Understanding the Psychology of Fare Evasion

Understanding the Psychology of Fare Evasion

Fare evasion is a major international problem in all cities.  In Melbourne prior to the start of this study fare evasion represented 12% of trips and a revenue loss of $Aust. 79.3M p.a. (2011-12).  This project aimed to understand the psychology behind fare evasion in Melbourne to provide actionable recommendations to improve fare compliance.

The study included an international review of practice and the published research literature on revenue protection, fare evasion behaviours and the psychological aspects of ‘consumer misbehaviour’ research sourced from the retailing industry.  A conceptual model to understand fare evasion behaviours was developed from this research based around the theory of planned behaviour, which included concepts of consumer misbehaviour research.

Primary surveys then followed aimed at exploring the validity of this model.  A series of qualitative studies were undertaken using anonymous on-line discussion groups and also focus groups with public transport users including those who self-report fare evasion.  These were followed up with a large quantitative on-line survey of a range of passenger groups exploring the frequency of travelling without valid tickets and also factors which influence this.  Results were used to develop statistically reliable models explaining fare evasion behaviours for deliberate and unintentional fare evasion.  Key drivers of deliberate fare evasion were levels of honesty, the perceived ease of fare evasion and permissive attitudes to fare evasion.

There were a number of other major breakthroughs in this research.  Firstly it was established that most revenue loss was from a small group of ‘recidivist’ fare evaders who almost always fare evade.  In Melbourne $54M p.a. (68%) of revenue loss from fare evasion comes from only 65,400 people who deliberately and always fare evade.  That’s a cost per person of $Aust 826 p.a. In contrast accidental or unintentional fare evasion represents a revenue loss of only $Aust 4M p.a. and occurs for 580,000 people (14.5% of all Melbourne residents) who only fare evade once by accident (a revenue loss per person of $6.90 per person p.a.).  Policy recommendations suggested targeting recidivists.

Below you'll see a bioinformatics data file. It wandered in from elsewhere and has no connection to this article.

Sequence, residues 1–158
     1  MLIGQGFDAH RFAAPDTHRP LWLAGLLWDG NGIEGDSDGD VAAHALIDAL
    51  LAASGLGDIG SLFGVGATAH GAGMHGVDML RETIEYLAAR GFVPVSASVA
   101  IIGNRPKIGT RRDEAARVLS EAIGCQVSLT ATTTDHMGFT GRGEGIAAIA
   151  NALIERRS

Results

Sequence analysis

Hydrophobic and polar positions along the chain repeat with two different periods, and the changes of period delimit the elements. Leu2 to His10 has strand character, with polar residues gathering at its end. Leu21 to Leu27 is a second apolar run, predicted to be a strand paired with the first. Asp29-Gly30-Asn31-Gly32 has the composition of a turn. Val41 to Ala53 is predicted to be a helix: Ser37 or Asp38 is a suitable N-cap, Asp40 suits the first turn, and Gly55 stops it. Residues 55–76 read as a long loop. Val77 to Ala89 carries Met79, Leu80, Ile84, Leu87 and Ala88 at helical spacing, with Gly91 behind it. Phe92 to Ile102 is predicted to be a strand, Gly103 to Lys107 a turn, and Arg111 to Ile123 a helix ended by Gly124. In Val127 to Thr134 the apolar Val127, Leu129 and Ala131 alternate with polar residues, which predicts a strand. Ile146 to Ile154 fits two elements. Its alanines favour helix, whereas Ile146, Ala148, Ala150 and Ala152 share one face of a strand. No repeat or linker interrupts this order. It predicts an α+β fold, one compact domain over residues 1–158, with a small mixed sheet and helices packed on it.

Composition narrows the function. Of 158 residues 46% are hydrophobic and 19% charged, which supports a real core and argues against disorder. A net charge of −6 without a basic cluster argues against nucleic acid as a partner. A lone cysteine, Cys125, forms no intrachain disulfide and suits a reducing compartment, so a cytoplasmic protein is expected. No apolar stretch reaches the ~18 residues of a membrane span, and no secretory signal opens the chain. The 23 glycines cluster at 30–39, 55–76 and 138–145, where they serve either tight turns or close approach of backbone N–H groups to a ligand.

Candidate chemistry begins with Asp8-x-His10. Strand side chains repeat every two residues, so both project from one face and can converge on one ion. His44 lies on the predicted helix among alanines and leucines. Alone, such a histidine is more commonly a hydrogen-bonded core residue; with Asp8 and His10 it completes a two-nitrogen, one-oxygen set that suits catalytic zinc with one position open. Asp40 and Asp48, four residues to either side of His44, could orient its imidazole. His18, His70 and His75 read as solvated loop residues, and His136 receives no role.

In addition the project established an elasticity of fare evasion rates with the percentage of tickets checked of -0.5; this means doubling ticket checking rates will halve fare evasion rates.

The client, PTV, used the research to develop the ‘free loader’ marketing program which highlighted the problem of recidivists.  In addition “plain clothed” ticket inspectors were introduced and targeted to locations/groups of recidivist users identified in the research.  Ticket checking rates were also increased in line with our findings on their impacts on fare evasion.

Impacts of these initiatives have been impressive; in May 2015 PTV reported the lowest fare evasion rates they have ever measured at 5% of trips.  This represents a considerable reduction from the 12% reported before the research was undertaken including a notional saving of revenue loss of some $Aust 50M p.a. recurrent.   This research project is probably the most financially effective and profitable project we have ever undertaken for a research client. 

Follow up research undertaken by PTRG in London, Paris, Toronto, New York, Boston, Sydney, Brisbane and Perth identified that all these cities had the same problem of recidivism as that identified in Melbourne.  This appears to be an endemic international problem in all cities but it not well understood or targeted in current policy.  Policy makers in Sydney were consulted about the PTRG research findings and used these to optimise their revenue protection approach; they have informed PTRG this advice resulted in annual savings of $Aust 60M.

 

  • Date November 16, 2015
  • Tags Australiasia, Boston, Brisbane, Canada, Europe, Fares, France, London, Melbourne, Mode, New South Wales, New York, North America, Paris, Partners, Personal Safety/Crime, Perth, Place, Planning, Policy, Public Transport Victoria, Queensland, Rail, Sydney, Technology, Ticketing Systems, Toronto, United Kingdom, USA, Victoria, Western Australia